US envoy Rick Duke says Russian invasion of Ukraine is accelerating clean energy shift

Rick Duke was speaking at an Australian National University forum after meetings with Australian government officials on bilateral cooperation in the transition to net-zero greenhouse gas emissions by 2050.

Rick Duke was speaking at an Australian National University forum after meetings with Australian government officials on bilateral cooperation in the transition to net-zero greenhouse gas emissions by 2050.

Russia’s invasion of Ukraine will accelerate the global transition to renewable energy due to oil and gas price shocks, a US climate envoy said Aug. 25.

US Deputy Special Envoy for Climate Rick Duke was speaking at an Australian National University forum after meetings with Australian government officials on bilateral cooperation in the transition to carbon emissions. net zero greenhouse gases by 2050.

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Mr Duke described the Russian invasion that began six months ago as “one of the biggest geopolitical drivers right now” for a global shift to renewable energy.

“What has sometimes been lost in people’s understanding of the repercussions on this front is that when you look at what countries are actually doing in response, it’s going to accelerate the energy transition,” Duke said.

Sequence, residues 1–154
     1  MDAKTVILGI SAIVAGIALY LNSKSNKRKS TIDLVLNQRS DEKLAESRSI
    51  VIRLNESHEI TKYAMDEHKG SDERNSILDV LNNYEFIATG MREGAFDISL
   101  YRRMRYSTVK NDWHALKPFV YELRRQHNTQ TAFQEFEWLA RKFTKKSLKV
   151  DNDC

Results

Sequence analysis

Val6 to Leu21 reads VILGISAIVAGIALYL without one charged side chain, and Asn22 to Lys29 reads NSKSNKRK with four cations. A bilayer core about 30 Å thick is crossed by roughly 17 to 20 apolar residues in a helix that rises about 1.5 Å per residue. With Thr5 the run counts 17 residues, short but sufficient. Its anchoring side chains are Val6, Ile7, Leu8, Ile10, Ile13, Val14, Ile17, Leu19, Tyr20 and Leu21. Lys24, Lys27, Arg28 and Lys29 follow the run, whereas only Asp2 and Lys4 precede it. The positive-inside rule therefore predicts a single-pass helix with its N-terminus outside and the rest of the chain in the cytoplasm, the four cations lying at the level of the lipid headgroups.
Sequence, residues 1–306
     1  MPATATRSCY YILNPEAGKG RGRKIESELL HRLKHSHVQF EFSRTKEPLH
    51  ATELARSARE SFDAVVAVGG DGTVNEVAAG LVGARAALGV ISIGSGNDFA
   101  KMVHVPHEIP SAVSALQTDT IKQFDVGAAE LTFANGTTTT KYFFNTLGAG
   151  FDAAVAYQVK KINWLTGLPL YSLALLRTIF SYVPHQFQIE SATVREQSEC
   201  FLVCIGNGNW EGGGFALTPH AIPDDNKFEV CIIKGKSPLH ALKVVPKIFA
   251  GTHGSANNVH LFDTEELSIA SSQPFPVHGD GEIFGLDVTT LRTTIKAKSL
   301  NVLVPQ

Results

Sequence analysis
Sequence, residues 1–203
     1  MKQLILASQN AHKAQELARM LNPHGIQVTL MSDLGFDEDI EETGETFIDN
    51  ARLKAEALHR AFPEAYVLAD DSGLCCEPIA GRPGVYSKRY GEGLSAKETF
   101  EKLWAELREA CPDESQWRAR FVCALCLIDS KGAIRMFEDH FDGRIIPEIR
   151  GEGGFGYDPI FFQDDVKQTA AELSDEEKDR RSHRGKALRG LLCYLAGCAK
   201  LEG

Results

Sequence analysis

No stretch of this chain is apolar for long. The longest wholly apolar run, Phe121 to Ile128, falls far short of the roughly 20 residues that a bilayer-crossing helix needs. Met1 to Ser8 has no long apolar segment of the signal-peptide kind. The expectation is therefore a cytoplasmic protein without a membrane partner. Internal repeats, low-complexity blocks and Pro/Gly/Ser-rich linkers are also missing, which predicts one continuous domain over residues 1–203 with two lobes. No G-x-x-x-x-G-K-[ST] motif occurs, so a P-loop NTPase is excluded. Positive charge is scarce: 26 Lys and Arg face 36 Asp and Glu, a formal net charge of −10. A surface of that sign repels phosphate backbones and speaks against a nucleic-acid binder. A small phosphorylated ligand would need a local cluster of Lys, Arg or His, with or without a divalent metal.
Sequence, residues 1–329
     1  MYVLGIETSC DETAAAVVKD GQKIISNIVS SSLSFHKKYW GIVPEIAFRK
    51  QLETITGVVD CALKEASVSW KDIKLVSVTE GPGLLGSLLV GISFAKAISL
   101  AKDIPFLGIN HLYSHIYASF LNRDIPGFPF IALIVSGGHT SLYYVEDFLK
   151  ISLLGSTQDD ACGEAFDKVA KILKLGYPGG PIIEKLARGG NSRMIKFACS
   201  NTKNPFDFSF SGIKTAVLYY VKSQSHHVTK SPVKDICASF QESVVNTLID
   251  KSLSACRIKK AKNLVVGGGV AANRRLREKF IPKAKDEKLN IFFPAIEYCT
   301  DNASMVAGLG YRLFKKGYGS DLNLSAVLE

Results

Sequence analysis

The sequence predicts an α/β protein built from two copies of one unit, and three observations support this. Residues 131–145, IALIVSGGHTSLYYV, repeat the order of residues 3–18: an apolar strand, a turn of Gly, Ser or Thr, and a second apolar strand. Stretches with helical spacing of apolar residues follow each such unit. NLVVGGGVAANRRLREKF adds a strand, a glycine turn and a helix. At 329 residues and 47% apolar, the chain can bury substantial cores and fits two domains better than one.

“The European Union has tripled its efforts to deploy renewable energies and heat pumps and to electrify its fleet of vehicles and respond differently to this crisis,” he added. “It’s going to take time…but the pace is picking up because of the conflict.”

Meanwhile, Australia plans to reduce its heavy reliance on solar panels made in China, an ally of Russia, by diversifying its trading partners as the Australian government steps up its transition to renewable energy.

Kushla Munro, who heads the government’s international climate division, said Australia was focusing on India to develop international collaboration on the production of solar panels and green hydrogen.

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Australia has also prioritized green energy technology partnerships with Japan, South Korea and the United States to avoid supply chain constraints that have arisen as a result of the pandemic, Mr. Munro said.

The Australian government elected in May raised Australia’s 2030 emissions reduction target to 42% from the previous administration’s target of 26% to 28% below 2005 levels. States are aiming for a 50-52% reduction by the end of the decade.

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